Ill-fitting, removable prosthetic appliances can traumatize oral mucosa and increase the risk of microbial invasion into deeper tissues. Denture-soaking cups can readily become colonized with a variety of pathogens, including P. aeruginosa, E. coli, Enterobacter species, Staphylococcus aureus, Klebsiella species, and Candida albicans. Dentures should be evaluated before chemotherapy begins and adjusted as necessary to reduce risk of trauma. Denture-cleansing solutions should be changed daily. In general, dentures should not be worn when the patient has ulcerative mucositis and is neutropenic (i.e., absolute neutrophil count <500 cells/mm3).
Candidiasis is typically caused by opportunistic overgrowth of C. albicans, a normal inhabitant of the oral cavity in a large proportion of individuals. Several variables contribute to its clinical expression, including drug- or disease-induced immunosuppression, mucosal injury, and salivary compromise. In addition, use of antibiotics may alter the oral flora, thereby creating a favorable environment for fungal overgrowth.
A systematic review indicated that the weighted mean prevalence of clinical oral fungal infection during chemotherapy is 38%. The most common forms of intraoral candidiasis reported in oncology patients are pseudomembranous and erythematous candidiasis.[20,21] Pseudomembranous candidiasis can usually be diagnosed on the basis of its characteristic clinical appearance and may be accompanied by burning pain and taste changes. The appearance of erythematous candidiasis is relatively nonspecific, and laboratory testing may be needed to confirm the diagnosis. It may be accompanied by a burning sensation of the affected tissues.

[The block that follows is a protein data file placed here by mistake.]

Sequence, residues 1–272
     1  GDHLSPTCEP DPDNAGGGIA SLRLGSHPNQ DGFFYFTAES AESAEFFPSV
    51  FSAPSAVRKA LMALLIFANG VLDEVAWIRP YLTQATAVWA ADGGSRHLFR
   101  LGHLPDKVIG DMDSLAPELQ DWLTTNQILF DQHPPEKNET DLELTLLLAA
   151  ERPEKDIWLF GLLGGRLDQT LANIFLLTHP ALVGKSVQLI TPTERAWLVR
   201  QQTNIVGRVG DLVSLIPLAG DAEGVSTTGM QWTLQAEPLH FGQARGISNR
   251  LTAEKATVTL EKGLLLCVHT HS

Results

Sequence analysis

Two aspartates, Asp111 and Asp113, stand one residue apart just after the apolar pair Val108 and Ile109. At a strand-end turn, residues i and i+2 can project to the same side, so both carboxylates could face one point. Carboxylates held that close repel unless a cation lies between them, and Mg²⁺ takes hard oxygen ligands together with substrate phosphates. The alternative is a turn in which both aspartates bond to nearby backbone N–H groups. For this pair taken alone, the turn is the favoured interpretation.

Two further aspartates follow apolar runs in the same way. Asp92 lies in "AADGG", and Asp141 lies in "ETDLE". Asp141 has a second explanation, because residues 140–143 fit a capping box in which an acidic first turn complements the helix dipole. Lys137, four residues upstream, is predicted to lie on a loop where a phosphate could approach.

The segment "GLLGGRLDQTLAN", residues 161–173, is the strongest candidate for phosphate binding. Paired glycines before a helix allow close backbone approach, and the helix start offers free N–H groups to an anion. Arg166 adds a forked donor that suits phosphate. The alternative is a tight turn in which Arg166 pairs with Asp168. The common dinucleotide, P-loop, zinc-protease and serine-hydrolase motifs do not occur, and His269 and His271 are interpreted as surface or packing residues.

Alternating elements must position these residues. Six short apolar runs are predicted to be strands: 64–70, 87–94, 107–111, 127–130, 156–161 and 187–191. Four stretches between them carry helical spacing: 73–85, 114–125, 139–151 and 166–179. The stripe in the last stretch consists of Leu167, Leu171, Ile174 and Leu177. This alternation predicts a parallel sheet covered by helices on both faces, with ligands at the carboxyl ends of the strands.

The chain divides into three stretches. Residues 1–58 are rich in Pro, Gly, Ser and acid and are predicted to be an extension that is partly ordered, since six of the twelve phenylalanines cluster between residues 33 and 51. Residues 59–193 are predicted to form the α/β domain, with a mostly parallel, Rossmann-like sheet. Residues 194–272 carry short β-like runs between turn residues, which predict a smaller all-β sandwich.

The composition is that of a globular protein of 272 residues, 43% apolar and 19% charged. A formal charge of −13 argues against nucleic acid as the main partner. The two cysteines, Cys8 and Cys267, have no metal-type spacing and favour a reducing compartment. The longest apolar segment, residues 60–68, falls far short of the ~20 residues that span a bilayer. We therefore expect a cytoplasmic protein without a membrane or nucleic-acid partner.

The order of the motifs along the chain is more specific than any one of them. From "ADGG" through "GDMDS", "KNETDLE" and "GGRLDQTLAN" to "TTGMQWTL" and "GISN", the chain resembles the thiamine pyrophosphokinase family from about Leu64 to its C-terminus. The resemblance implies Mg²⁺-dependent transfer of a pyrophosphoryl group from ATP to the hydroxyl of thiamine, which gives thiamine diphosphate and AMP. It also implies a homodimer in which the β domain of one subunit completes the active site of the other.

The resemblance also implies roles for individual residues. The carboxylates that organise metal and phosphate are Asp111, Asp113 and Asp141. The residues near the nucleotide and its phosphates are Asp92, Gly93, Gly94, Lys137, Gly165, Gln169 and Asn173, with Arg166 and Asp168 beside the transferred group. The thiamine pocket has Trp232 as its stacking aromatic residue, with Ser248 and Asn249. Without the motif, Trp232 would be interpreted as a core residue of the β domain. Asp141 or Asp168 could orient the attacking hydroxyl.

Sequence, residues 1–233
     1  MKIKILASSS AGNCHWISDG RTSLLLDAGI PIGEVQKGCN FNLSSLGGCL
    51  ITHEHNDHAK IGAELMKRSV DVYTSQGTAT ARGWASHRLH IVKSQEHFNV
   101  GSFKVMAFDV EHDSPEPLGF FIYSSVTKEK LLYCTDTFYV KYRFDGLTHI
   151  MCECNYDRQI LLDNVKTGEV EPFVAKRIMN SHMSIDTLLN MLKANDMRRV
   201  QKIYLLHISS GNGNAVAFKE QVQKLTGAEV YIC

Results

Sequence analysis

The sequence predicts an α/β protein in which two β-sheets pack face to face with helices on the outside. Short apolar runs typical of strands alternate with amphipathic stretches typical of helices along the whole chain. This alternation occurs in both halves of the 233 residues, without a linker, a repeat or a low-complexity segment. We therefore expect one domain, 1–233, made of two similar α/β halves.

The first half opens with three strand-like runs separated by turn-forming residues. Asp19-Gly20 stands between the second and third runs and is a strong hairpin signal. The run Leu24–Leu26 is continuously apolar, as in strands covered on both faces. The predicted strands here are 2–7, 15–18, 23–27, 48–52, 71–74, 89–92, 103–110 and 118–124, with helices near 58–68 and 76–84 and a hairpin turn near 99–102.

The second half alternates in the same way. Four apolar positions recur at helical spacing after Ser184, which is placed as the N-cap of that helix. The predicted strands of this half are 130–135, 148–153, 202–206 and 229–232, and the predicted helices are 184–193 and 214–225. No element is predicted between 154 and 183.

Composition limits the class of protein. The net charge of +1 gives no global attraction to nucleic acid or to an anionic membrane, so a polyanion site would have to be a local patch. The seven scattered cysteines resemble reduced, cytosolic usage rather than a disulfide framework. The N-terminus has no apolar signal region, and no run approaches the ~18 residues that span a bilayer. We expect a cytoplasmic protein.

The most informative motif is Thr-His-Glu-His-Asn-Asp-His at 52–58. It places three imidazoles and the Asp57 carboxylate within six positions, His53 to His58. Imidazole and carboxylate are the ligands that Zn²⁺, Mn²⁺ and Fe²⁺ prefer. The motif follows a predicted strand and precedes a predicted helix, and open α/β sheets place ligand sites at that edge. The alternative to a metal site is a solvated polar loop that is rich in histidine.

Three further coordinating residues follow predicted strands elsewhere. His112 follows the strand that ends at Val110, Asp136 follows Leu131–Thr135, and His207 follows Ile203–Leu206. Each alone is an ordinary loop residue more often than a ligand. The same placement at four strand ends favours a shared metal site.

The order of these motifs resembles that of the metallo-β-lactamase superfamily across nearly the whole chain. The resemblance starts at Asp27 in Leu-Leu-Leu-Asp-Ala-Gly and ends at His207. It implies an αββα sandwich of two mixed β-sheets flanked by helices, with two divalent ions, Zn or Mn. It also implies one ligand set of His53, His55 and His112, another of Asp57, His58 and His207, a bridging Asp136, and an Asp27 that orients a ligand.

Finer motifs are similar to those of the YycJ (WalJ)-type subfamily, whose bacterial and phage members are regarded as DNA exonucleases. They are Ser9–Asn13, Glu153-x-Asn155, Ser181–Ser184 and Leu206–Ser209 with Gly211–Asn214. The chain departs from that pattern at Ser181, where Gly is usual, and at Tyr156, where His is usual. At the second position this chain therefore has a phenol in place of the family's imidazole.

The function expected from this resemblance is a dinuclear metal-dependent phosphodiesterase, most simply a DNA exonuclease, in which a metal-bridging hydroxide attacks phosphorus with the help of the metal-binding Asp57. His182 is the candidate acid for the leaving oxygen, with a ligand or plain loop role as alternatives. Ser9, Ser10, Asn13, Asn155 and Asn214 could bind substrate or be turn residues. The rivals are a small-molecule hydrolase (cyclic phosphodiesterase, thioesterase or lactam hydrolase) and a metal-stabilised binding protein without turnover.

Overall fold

Topical oral antifungal agents such as nystatin rinse and clotrimazole troches are often used but appear to have variable efficacy in preventing or treating fungal infection in neutropenic patients.[22,23] Patients who wear removable dental prostheses (e.g., partial or full denture) should remove them before the oral antifungal agents are used. Dentures can also be treated by soaking them overnight in the antifungal solution.
Although topical agents may be helpful for superficial oral candidiasis, systemic agents should be used for persistent fungal infections and in patients with significant immunosuppression. Systemic fluconazole is highly effective for prophylaxis and treatment of oral fungal infections in the oncology population.
Noncandidal fungal infections
An increasing number of different fungal organisms are being associated with oral infection in immunocompromised cancer patients, including infection by species of Aspergillus, Mucormycosis, and Rhizopus.[3,23] The clinical presentation is not pathognomonic; lesions may appear similar to lesions caused by other oral toxicities. Microbiologic documentation is essential. Systemic therapy must be instituted promptly because of the high risk of morbidity and mortality.
Herpes group viral infections, including those caused by oral lesions, can cause a variety of diseases that range from mild to serious conditions in patients undergoing treatment for cancer. The severity and impact of these lesions and systemic sequelae are directly related to the degree of immunocompromisation of the patient. Comorbid oral conditions such as mucositis or graft-versus-host disease can dramatically increase the severity of oral lesions and significantly increase the difficulty of diagnosis.